There are a wide range of opportunities for volunteers across STARS. Whatever your motivation you will find that volunteering for STARS is both challenging and rewarding. We will endeavour to find a role to suit your interest, experience and the time you have available.
Volunteers make a huge difference to our vital work and help us to reach out to more and more people each year. As the leading resource for support and information for both patients and medical professionals on syncope and Reflex Anoxic Seizures, STARS is committed to providing the best possible service and prides itself on its volunteers’ contribution.
Volunteers can get involved across the UK, organising an awareness event, fundraising or even supporting specific schemes such as the ‘Shine a Light on Education’ programme. Similarly, if you have a particular interest in helping our senior citizens then our 'Syncope and Falls in the Elderly (SaFE)' project may be something you would like to make a contribution towards. We provide materials such as leaflets, posters, bookmarks which you can distribute and balloons, t-shirts and collection tins which can aid you in promoting STARS.
What projects can I get involved in for STARS?
The ‘Shine a Light on Education’ programme aims to educate teachers, staff and carers on syncope and to train them in condition management. 'The Shine a light on Education' programme provides information and advice for parents and children on how to cope with Reflex Anoxic Seizures or Syncope in their learning environment. Across the UK, educational establishments, carers and pupils diagnosed with syncope continue to contact STARS for information and guidance.
The ‘Syncope and Falls in the Elderly’ (SaFE) project is STARS latest endeavour and is concerned with syncope in older adults. SaFE aims to promote accurate diagnosis and treatment of syncope and raise awareness of its link to falls in older adults. If more people are made aware of the link between syncope (blackouts) and falls, the root cause could be treated and recurring falls prevented.
What volunteer activities are available at STARS?
- During awareness campaigns volunteers can raise awareness by distributing information and promotional materials on behalf of STARS. Simply ‘Post a Poster’ or ‘Leave a Leaflet’.
- Promote awareness of STARS at local events, perhaps sell some STARS teddies or wristbands!
- Keep an eye on local news or newspapers, you could distribute STARS information resources and sign post those in need to STARS.
Inspiring stories from our STARS Volunteers
Julie Fear and Family
As a family we have been actively volunteering for STARS since 2003 and Andrew, my husband, is also a STARS Trustee. There are many ways in which we have volunteered, fundraised and supported STARS over the last few years. We have raised awareness for STARS during Arrhythmia Awareness Week by holding displays and distributing information and materials on Reflex Anoxic Seizures (RAS) and Syncope, putting up posters in libraries and GP surgeries and encouraging fundraising and fun events at the college where I work. Each year, my parents, Andrew and I offer to help at STARS biggest event of the year, Patients Day at the Heart Rhythm Congress.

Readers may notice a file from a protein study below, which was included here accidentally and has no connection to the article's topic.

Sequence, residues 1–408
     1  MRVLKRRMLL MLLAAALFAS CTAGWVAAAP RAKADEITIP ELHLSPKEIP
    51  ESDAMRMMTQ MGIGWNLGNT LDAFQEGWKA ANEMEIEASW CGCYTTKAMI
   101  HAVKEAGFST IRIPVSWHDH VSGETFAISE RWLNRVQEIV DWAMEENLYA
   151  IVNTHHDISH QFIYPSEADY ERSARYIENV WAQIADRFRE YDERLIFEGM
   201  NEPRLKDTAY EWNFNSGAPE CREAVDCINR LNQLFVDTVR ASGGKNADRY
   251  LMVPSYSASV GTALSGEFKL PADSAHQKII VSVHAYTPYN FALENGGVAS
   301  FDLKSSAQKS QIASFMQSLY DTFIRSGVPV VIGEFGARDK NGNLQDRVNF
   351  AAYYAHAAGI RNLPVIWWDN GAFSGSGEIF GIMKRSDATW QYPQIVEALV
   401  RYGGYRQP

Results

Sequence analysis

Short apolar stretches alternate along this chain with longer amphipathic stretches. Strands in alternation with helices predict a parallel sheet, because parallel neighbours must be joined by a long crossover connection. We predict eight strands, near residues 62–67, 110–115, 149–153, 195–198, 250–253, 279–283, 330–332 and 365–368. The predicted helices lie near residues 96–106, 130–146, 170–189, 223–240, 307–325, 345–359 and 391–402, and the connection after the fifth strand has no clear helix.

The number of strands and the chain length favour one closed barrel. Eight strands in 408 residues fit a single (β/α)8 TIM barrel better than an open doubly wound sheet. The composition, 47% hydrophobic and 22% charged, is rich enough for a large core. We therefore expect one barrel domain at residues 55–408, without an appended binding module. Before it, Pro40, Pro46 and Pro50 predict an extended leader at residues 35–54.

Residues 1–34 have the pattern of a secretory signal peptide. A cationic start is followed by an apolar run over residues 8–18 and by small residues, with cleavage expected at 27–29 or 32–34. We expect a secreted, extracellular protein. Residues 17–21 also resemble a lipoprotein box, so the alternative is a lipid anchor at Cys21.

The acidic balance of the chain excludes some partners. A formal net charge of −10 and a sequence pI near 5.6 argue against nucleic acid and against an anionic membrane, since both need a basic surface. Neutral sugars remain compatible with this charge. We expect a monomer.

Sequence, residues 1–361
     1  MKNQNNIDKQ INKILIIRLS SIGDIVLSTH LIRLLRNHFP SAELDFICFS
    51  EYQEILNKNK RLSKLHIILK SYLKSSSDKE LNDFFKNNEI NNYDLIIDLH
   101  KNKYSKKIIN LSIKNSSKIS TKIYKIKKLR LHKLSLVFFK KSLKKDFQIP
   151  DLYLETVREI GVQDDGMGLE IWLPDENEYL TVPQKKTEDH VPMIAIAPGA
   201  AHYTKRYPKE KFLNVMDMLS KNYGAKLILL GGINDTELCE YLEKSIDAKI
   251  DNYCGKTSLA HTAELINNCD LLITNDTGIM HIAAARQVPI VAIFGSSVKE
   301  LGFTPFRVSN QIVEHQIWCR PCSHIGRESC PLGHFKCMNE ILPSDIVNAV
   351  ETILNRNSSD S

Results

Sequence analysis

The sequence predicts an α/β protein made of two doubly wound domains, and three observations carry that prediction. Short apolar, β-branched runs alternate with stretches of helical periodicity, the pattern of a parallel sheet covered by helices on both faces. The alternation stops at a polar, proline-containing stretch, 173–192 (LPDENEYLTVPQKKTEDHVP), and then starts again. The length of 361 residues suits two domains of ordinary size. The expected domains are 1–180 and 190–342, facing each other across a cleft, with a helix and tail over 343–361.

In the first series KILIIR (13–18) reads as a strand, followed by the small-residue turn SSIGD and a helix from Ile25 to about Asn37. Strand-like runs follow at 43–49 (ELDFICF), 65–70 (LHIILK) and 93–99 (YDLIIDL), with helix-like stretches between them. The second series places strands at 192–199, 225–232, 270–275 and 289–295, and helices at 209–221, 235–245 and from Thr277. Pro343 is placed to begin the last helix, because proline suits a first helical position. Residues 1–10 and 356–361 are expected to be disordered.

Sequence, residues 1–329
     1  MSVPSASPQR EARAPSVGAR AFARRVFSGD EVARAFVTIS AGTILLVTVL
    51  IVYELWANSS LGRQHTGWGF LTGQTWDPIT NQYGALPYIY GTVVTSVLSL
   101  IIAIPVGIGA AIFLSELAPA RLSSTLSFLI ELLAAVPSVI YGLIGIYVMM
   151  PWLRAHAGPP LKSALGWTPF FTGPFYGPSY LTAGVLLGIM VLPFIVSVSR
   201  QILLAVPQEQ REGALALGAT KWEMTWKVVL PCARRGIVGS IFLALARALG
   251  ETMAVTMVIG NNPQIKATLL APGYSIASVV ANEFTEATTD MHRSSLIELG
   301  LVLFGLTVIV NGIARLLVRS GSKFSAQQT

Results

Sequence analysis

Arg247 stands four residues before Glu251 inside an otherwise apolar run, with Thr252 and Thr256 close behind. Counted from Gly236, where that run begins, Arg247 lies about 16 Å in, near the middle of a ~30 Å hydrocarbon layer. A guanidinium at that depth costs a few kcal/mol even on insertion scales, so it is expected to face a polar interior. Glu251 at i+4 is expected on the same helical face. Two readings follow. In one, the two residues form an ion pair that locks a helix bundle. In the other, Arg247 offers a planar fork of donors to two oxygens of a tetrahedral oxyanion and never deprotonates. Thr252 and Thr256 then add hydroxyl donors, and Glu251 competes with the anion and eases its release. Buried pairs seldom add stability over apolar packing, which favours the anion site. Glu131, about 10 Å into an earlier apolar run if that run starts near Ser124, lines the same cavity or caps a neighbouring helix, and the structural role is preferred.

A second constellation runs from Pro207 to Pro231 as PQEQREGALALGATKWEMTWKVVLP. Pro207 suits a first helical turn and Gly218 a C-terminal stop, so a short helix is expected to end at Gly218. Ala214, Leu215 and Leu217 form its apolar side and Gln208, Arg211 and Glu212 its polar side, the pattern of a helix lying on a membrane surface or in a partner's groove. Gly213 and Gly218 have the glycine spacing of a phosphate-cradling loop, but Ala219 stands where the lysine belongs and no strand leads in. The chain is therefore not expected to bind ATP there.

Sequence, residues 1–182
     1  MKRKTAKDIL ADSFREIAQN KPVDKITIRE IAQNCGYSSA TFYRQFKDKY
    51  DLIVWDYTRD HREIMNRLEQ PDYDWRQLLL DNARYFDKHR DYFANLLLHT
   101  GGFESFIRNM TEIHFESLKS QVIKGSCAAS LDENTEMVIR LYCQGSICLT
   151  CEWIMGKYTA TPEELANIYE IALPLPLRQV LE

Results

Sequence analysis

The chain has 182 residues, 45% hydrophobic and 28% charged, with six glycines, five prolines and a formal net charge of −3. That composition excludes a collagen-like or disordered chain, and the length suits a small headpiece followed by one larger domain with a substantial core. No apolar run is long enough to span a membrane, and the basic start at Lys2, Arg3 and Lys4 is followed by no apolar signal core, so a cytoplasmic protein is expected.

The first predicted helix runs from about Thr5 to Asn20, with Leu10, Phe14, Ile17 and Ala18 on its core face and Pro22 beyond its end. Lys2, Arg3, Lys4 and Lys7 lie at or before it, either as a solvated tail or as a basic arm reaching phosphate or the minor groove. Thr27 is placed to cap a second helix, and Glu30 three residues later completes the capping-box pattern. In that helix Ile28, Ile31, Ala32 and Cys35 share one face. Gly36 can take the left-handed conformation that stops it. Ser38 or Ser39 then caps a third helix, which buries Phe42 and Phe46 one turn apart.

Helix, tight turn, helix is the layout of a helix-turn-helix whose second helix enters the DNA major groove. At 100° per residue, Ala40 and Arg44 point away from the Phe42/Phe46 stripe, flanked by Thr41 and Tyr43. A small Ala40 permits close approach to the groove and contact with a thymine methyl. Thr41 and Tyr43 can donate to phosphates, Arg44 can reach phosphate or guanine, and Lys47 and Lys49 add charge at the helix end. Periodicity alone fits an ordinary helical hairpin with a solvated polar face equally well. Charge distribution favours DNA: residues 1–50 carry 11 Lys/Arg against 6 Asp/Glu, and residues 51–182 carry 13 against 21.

My family and I have also been willing to raise awareness of Syncope and RAS by highlighting our personal stories to the press for STARS. Volunteering for STARS can be as simple as organising a non-school uniform day at your local school. There are just so many ways to get involved and raise awareness of what can be a debilitating condition.
“In 2007 I read in a STARS newsletter that they were looking for volunteers for a new position: that of STARS Information Representative (SIR), someone with experience in teaching and, more importantly, someone with an insight into the conditions of RAS and VVS. There was a need for STARS representatives to attend schools, colleges and Universities who had requested information and support on RAS or VVS.
Having been supported so wonderfully by STARS, I was keen to give back some support to the team and do whatever I was able to do to help. Being an STARS SIR seemed to be just that: I had suffered RAS as a child and continue to suffer with it, my youngest daughter has RAS; and I have worked in education. Whilst I was a little rusty, standing up in front of an audience was not new to me and I felt comfortable with the idea. I therefore filled in a form and was invited to attend an SIR training day in November 2007, which was great fun and very enlightening. Following a successful CRB check, I made my first SIR visit to a primary level school in December 2007….so the need really is there!
What I find so rewarding is that simply by communicating my experience and knowledge of the issues in a structured and informative way, taking perhaps only an hour to do so, I am able to transform the attitudes and confidence levels of the staff and so promote the inclusion of another RAS child in normal school life. Many schools have given encouraging feedback that tells both the STARS team and me that I am actually making a difference to their lives. It is so simple: try it and you will see!”
"I began volunteering for STARS after my younger son was diagnosed with RAS. I had skills in journalism and PR that I wasn't using because I was at home with the children. Helping STARS was a great way of keeping up my skills. I edited STARS' newsletter, their website and helped run the Public Relations for the first few AAAW campaigns that helped change the NSF on Coronary care. It was a great experience and I got plenty of satisfaction as well as improving my CV. In fact, I've now started my own business because I was able to keep up to date and keep up my contacts. Volunteering is worthwhile on so many levels. As well as helping your favourite charity, you get a confidence boost and something other than your own troubles to focus on."